November 2002
Volume 2, Issue 7
Free
Vision Sciences Society Annual Meeting Abstract  |   November 2002
Contrast, assimilation, and neural edge integration
Author Affiliations
  • Michael E. Rudd
    University of Washington, USA
  • Iris K. Zemach
    University of Washington, USA
Journal of Vision November 2002, Vol.2, 199. doi:10.1167/2.7.199
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      Michael E. Rudd, Iris K. Zemach; Contrast, assimilation, and neural edge integration. Journal of Vision 2002;2(7):199. doi: 10.1167/2.7.199.

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Abstract

A dark disk surrounded by a bright annulus appears darker as the annulus luminance is increased. Mechanistically, this darkness induction could result either from a direct neural computation of the disk/annulus ratio (for example, by a neural mechanism with center-surround antagonism), or from independent induction effects that originate from the inner and outer borders of the annulus. A recent neural filling-in model of darkness induction (Rudd, 2001; Rudd & Arrington, 2001) postulates that darkness inducing signals originating from separate borders combine linearly to influence disk brightness. We extended this model to include both brightness and darkness induction effects. According to the extended model, the inner edge of the surround annulus induces darkness in the disk (contrast) and the outer edge induces brightness in the disk (assimilation). The magnitude of each induction effect is proportional to the log luminance ratio of the border that generates the effect. We tested this theory and found that disk brightness is determined by a linear sum of independent inductions exerted by the inner and outer annulus edges, as predicted. Two disks were presented side-by-side on a flat-panel monitor. Each was surrounded by a higher intensity annulus. The luminance of the right annulus was varied to modulate the brightness of the right disk. The luminance of the left annulus was fixed. The subject adjusted the intensity of the left disk to achieve a brightness match to the right disk. For each of three observers, the response setting of the left disk varied inversely as a power of the right annulus luminance (power law exponents in the range .54 – .83 ). These results represent a substantial failure of both Wallach's ratio rule (Wallach, 1948) and any theory of darkness induction based strictly on local disk border contrast. But the filling-in model gives an exact quantitative account of the data and successfully predicts the log-log slopes (i.e., power law exponents) of the brightness matching curves from a knowledge of the intercepts. The assimilation produced by the outer edge is weakened when the edge is moved farther away from the disk, also consistent with the model. When assimilation is thus weakened, local border contrast dominates and brightness matches follow the ratio rule more closely.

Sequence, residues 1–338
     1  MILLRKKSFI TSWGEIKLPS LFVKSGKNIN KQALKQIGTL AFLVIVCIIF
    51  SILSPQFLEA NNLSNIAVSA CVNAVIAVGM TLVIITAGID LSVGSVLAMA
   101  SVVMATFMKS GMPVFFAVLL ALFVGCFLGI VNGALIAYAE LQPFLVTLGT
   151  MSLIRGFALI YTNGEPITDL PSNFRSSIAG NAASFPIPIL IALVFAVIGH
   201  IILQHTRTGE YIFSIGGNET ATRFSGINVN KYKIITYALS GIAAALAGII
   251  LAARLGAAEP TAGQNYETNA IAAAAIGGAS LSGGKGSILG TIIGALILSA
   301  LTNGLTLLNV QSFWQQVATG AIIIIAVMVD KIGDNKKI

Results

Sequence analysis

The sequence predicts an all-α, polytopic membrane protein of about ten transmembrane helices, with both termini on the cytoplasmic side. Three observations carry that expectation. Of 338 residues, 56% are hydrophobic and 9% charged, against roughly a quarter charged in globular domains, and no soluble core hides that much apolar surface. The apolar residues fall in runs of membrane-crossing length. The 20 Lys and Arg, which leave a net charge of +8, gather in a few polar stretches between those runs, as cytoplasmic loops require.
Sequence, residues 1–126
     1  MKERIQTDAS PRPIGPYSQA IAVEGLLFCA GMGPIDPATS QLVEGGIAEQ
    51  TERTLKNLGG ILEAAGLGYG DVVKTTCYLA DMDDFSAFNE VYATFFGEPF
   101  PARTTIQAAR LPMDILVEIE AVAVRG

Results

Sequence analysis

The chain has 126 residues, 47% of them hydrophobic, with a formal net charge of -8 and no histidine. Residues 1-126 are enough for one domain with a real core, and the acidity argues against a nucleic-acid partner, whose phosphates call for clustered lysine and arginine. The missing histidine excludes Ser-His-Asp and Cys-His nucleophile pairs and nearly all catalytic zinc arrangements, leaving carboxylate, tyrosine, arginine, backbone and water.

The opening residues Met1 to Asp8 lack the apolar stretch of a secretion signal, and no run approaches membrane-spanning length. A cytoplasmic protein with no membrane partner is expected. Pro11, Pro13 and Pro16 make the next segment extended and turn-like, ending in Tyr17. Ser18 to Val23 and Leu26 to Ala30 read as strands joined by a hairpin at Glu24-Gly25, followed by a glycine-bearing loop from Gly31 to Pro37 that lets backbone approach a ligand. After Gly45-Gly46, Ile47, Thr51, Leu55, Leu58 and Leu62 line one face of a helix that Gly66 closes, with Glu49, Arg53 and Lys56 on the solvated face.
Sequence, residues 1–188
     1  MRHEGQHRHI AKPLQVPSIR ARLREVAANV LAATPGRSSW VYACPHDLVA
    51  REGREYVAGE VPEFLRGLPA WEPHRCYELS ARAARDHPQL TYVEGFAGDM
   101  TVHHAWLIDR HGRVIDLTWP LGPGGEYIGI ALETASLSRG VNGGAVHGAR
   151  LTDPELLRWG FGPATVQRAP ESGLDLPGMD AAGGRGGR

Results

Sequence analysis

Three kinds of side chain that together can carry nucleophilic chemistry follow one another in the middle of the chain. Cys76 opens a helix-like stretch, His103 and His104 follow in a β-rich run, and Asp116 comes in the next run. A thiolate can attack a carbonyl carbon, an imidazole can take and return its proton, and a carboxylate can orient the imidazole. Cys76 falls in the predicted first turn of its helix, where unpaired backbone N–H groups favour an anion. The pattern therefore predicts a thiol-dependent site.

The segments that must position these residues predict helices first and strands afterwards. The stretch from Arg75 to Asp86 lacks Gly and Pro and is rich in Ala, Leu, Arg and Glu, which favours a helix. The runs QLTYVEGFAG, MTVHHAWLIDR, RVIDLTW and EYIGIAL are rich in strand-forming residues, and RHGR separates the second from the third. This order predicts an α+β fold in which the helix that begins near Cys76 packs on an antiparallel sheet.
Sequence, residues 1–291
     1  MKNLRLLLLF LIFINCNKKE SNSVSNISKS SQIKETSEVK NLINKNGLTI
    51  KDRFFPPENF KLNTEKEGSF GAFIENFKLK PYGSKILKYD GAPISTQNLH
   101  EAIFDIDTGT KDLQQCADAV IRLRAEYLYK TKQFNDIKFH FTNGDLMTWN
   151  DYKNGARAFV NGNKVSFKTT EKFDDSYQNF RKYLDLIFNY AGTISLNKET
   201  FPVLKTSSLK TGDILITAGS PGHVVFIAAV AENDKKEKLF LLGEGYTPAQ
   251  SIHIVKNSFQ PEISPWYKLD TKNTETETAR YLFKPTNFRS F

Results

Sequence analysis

Rudd, M. E., Zemach, I. K.(2002). Contrast, assimilation, and neural edge integration [Abstract]. Journal of Vision, 2( 7): 199, 199a, http://journalofvision.org/2/7/199/, doi:10.1167/2.7.199. [CrossRef]
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